21 Quick Questions with Allison DeBona
Ballet West's Allison DeBona first became a major figure on the pop-culture scene with her stint on The CW series “Breaking Pointe." Her ethereal grace and commanding stage presence have kept her there since. DeBona trained with the Parou Ballet Company (now New Castle Regional Ballet) in New Castle, PA, and the Pittsburgh Youth Ballet while growing up. She later attended Indiana University and graduated with a bachelor's degree in ballet before joining Ballet West in 2007. In 2011 she was promoted to demi-soloist, was given the soloist title in 2013 and, finally, was named first soloist in 2015. Catch her next month in the company's production of Madame Butterfly, and read on for The Dirt!
Go-to stress reliever?
Cleaning! Believe it or not!
Who's your dance role model?
I admire Stella Abrera. I always thought she was so beautiful. When she finally got promoted to principal at American Ballet Theatre it proved there is no limit to a career. Love her! Also, I think The Royal Ballet's Marianela Nuñez is so beautiful!
What's the most played song on your playlist?
Anything Maroon 5!
What's something no one knows about you?
I love football, particularly the Pittsburgh Steelers, more than ballet.
What's something that can always make you laugh?
My family. It's like a traveling circus!
What's one food you can't live without?
Do you have any nicknames?
Alli, Alli-Cat and Bones!
What's something you're most proud of?
I co-founded the artÉmotion Summer Intensive with Ballet in the City in 2015. We had 70 students year one. Our 2016 program grew to 115 students and we have intensives in Cleveland and Detroit. So proud!
If you could go anywhere in the world where would you go?
Iceland or Greenland
What's the strangest thing in your dance bag?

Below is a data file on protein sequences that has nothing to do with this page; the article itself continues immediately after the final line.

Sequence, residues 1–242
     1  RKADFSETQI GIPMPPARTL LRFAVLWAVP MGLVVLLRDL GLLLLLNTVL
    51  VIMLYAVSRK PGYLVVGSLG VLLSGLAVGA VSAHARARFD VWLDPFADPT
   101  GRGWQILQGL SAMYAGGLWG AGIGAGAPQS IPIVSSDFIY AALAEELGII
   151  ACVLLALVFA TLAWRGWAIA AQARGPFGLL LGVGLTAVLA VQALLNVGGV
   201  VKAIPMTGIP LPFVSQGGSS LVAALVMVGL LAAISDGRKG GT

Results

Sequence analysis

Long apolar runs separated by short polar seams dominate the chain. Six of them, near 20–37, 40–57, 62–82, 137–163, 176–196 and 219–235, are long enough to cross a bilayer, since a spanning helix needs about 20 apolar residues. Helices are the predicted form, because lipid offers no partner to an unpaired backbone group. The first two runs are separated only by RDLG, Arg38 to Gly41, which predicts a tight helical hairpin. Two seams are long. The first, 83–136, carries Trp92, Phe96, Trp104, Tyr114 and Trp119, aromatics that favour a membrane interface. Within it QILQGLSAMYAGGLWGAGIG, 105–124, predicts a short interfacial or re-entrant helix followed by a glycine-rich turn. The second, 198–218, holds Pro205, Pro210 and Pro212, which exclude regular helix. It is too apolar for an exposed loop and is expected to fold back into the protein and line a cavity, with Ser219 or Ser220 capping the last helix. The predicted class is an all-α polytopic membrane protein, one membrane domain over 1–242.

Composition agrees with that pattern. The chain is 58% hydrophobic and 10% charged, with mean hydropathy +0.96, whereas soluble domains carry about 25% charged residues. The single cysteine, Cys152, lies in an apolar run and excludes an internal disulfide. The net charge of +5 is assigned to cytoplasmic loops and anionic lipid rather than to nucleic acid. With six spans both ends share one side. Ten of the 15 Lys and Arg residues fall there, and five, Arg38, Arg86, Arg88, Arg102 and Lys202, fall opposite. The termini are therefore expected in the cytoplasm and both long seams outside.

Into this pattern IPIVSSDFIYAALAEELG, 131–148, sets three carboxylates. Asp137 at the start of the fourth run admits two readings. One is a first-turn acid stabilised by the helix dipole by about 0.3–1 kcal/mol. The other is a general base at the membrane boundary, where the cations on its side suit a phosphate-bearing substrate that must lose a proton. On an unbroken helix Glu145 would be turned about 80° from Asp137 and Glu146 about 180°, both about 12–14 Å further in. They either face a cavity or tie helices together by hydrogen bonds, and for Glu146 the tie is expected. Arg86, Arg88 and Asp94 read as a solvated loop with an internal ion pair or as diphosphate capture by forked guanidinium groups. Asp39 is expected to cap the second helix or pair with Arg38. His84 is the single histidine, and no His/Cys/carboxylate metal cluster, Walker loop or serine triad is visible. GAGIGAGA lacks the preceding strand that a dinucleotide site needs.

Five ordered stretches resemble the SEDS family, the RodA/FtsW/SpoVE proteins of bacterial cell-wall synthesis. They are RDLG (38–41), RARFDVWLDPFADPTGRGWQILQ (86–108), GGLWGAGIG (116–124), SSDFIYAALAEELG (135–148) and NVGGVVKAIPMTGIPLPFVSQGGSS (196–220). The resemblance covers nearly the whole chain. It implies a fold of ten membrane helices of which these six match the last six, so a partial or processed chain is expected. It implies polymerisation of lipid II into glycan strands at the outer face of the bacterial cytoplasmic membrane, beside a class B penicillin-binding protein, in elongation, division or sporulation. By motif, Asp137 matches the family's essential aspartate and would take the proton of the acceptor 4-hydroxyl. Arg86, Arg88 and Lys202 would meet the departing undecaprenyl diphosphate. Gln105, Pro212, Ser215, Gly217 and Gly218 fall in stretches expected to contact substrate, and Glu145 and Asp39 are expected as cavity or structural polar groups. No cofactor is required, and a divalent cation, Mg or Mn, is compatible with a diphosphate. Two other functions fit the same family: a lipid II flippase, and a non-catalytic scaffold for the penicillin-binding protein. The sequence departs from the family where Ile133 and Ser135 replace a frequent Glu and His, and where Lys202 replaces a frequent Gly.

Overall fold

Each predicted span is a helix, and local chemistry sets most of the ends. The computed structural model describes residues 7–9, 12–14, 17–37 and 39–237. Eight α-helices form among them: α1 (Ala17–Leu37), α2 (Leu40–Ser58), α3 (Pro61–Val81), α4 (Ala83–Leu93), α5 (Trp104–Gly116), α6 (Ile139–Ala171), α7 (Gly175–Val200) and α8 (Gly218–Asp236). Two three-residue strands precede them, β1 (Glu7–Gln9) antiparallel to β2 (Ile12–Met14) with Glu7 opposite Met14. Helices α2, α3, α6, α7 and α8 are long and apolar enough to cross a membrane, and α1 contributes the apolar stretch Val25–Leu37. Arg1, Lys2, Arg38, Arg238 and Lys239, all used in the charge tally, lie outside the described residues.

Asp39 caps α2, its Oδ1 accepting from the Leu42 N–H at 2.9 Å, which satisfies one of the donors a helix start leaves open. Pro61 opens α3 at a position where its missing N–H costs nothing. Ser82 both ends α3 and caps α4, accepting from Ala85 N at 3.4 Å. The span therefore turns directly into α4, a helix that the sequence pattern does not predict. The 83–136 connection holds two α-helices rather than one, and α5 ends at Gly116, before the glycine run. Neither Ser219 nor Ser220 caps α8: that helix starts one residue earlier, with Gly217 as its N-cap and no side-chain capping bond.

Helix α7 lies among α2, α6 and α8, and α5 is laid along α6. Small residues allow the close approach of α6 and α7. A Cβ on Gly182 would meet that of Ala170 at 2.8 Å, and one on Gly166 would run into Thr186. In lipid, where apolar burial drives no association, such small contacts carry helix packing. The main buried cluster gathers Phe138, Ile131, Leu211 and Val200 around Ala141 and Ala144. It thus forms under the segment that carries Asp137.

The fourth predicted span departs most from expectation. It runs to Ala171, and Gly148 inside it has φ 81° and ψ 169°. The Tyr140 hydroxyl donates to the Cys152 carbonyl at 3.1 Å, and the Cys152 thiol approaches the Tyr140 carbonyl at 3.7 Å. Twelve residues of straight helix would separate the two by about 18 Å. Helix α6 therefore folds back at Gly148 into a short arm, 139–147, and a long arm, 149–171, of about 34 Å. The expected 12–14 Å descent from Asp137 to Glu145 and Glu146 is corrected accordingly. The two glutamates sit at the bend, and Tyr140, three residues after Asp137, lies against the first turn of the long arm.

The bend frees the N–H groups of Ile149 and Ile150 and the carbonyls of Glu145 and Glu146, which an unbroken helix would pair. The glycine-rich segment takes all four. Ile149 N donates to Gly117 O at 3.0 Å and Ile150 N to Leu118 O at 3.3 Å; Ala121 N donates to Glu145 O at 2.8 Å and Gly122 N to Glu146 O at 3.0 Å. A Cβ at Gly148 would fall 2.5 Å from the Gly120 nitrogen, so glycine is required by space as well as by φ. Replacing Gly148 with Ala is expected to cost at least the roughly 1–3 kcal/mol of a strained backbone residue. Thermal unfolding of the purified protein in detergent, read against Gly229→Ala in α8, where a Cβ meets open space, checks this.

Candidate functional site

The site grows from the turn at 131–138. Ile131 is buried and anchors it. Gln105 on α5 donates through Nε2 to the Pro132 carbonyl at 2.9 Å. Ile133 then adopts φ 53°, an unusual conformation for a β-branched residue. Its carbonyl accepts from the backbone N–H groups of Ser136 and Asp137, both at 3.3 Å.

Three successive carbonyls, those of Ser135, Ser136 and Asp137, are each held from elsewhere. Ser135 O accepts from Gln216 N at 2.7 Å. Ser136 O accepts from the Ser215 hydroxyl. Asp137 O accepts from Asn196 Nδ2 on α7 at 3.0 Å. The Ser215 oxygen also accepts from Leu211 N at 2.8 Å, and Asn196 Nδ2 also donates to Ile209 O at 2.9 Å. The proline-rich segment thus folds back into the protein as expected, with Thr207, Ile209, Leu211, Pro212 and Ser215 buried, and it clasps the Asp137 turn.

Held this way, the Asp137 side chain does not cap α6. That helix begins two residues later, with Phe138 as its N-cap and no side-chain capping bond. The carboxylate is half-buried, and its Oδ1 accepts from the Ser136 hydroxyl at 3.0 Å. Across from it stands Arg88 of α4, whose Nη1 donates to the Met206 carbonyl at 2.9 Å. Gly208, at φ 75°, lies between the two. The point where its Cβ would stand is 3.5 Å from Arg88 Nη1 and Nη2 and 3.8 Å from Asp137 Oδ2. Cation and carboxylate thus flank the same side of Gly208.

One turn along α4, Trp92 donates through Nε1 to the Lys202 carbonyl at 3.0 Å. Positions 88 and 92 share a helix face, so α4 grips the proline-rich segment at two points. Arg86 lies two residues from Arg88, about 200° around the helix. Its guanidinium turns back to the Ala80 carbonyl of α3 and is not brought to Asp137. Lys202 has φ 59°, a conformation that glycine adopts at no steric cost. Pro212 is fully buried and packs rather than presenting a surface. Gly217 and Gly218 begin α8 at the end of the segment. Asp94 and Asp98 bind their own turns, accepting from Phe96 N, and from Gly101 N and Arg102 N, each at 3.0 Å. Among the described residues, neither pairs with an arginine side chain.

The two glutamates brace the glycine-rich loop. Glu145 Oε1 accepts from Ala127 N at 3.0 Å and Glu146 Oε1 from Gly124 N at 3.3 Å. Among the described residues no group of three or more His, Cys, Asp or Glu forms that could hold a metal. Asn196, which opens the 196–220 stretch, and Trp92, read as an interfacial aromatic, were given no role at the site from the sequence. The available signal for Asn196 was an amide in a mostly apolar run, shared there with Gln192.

Most of the time it's the old banana that I forget about! A weekly science project.
Do you have any pre-performance superstitions or habits?
I take a warm shower and a B-complex vitamin.
Do you have any pets?
Yes! A shih tzu named Zipper Fly. We also had a chocolate lab named Colby Clarease, but she passed in November. I miss her dearly.
Who's your dance crush?
[Ballet West principal] Rex Tilton, of course! ☺
Do you have a favorite workout?
I love to run and lift weights. Always have, too. Even though people try to tell me it's “not good for dancers." Not true!
Where do you feel the happiest?
At home with my fiancé, Rex Tilton (Ballet West, principal), and our little doggie, Zipper Fly! I love them!!
What's your favorite movie?
Who would play you in a movie?
Definitely some kind of witch. I love creepy things!
Have you had any embarrassing moments onstage?
Not that I can think of. But, now I wonder if I'm jinxing myself!
What's your biggest piece of advice for other young performers?
Don't bother with being nervous. You'll only let precious moments onstage pass you by. Live in the good and bad moments onstage. It's all art, regardless. People will always appreciate your work, even if you don't appreciate it yourself sometimes.
What's one thing you'd consider yourself an expert at?
I'm a good problem solver.
Do you have any guilty pleasures?
I love watching sports. Sunday football games are my favorite! I love hockey and baseball, too!
Misty Copeland. Her name is synonymous with exquisite artistry and outspoken advocacy. And her visibility has made a huge impact on the ballet world. Ballet's relationship with race has always been strained at best, hostile at worst. But Copeland's persistent message and star quality have finally forced the ballet industry to start talking about racial diversity, inclusivity, and representation. "The rarity of seeing ourselves represented is sad," Copeland says. "The more we see every hue and body shape represented on the stage, the more possibilities young dancers feel they have for themselves."